2. Great review! I have not read the book but I loveddddddddd the movie! It was so great. I have heard a lot of people not liking Seth in the books but I really enjoyed his character in the movie. He definitely was for the feminism movement and tried to help the way he knew how. There romance was pretty fast in the movie too though. But I will definitely be reading the book as soon as I can!

    Liked by 1 person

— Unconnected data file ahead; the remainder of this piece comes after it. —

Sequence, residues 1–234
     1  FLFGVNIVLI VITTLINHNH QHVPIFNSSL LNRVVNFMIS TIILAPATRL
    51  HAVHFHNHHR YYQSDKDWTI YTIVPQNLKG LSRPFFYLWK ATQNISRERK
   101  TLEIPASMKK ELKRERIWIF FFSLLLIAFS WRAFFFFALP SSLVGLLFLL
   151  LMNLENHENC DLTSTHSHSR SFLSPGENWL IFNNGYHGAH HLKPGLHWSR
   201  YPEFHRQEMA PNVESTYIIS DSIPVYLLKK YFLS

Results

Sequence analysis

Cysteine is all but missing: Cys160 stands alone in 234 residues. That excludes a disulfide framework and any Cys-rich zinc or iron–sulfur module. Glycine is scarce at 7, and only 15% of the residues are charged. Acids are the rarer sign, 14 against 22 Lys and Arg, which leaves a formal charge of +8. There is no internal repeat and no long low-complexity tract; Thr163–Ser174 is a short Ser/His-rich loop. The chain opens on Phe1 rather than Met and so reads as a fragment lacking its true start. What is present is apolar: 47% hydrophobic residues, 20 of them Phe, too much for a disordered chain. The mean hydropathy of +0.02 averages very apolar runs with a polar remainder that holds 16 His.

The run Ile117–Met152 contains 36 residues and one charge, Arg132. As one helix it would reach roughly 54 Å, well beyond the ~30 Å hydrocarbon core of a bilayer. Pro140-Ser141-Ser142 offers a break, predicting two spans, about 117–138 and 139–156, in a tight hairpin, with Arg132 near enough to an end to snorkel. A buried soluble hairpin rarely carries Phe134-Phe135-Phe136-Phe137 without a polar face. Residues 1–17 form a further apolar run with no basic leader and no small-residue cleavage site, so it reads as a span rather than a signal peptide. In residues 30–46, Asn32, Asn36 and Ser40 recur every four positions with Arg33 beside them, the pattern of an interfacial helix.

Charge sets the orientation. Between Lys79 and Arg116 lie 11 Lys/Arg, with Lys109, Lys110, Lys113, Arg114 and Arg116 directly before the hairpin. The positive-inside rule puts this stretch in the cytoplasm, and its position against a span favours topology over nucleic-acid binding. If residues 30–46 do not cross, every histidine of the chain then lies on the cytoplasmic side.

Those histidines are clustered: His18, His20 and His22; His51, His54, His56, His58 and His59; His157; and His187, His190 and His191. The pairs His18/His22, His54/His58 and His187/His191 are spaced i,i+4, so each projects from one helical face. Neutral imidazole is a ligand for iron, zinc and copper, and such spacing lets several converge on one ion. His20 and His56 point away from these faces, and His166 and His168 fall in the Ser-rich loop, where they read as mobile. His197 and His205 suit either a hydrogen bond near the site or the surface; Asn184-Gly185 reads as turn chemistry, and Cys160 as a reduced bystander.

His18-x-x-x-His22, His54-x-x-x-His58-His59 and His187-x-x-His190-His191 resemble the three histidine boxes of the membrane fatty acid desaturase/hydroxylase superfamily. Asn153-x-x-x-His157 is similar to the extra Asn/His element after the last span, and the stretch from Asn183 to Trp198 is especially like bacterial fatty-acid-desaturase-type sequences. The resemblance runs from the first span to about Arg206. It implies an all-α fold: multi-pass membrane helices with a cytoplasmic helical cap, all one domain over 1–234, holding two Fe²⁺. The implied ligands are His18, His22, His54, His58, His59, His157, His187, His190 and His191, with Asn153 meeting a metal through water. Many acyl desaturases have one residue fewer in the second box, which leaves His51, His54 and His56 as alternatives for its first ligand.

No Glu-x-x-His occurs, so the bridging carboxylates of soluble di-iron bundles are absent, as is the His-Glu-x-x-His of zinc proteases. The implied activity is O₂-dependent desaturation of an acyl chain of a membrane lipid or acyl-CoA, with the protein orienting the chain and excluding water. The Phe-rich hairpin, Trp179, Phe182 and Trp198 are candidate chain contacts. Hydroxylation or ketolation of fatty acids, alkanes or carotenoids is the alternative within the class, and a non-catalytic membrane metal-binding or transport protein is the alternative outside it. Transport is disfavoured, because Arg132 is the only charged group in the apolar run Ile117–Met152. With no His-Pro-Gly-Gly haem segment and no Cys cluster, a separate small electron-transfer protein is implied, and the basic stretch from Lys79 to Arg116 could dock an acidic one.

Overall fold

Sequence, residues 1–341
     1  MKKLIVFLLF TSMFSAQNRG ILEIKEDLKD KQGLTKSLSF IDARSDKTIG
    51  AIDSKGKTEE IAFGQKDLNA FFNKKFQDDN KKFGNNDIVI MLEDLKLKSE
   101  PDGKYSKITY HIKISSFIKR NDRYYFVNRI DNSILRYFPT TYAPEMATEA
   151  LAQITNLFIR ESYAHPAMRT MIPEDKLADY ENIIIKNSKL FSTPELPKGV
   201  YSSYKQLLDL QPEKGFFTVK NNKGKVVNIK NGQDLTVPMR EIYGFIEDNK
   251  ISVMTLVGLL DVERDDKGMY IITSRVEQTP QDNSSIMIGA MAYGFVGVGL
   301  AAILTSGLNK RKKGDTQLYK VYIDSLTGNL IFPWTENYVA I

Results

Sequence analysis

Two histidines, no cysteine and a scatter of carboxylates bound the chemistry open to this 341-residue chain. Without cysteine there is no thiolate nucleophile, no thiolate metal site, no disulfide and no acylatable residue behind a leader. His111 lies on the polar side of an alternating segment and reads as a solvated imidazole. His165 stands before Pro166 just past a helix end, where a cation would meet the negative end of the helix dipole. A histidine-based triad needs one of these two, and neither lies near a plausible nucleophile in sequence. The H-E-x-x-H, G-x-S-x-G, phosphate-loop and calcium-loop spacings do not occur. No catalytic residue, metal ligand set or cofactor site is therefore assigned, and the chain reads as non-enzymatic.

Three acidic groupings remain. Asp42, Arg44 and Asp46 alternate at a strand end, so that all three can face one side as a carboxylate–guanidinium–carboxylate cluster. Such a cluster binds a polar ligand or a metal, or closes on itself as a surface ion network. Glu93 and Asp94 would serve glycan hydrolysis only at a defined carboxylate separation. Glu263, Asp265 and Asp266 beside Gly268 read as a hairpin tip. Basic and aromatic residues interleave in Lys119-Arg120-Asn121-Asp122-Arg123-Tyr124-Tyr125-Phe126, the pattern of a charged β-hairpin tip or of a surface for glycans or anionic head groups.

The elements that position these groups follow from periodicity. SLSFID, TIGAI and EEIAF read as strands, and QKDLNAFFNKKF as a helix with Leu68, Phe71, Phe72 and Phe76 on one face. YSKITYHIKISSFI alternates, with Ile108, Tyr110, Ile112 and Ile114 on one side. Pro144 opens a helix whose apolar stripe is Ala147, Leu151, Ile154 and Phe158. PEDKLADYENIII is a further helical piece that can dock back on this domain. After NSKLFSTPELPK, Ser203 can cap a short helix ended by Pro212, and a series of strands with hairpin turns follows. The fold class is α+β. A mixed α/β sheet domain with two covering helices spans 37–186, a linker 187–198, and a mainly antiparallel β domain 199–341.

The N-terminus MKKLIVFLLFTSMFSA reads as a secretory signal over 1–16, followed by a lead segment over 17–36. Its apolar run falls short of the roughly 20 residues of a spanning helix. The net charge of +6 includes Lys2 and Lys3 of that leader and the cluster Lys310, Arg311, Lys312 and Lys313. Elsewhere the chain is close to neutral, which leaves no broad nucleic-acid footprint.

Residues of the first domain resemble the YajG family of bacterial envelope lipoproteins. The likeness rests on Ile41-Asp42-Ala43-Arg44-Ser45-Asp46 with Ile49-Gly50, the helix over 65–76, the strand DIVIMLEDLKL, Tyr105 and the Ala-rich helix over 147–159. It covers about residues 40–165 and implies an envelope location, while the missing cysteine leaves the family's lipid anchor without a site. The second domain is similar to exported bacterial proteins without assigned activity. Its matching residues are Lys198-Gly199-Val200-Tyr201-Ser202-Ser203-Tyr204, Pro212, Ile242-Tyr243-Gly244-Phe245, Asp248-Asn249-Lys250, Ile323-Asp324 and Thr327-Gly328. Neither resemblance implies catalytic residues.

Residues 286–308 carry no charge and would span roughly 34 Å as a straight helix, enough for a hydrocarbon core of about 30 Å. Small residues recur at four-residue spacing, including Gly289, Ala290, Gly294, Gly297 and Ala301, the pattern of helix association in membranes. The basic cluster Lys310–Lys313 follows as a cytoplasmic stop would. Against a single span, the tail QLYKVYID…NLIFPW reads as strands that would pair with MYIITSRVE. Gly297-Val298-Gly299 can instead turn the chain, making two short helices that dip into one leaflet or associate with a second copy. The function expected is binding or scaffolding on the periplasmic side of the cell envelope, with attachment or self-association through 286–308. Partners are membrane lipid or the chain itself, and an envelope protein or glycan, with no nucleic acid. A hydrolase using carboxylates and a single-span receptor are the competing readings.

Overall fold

Leave a Reply

Fill in your details below or click an icon to log in:

WordPress.com Logo

You are commenting using your WordPress.com account. Log Out /  Change )

Google photo

You are commenting using your Google account. Log Out /  Change )

Twitter picture

You are commenting using your Twitter account. Log Out /  Change )

Facebook photo

You are commenting using your Facebook account. Log Out /  Change )

Connecting to %s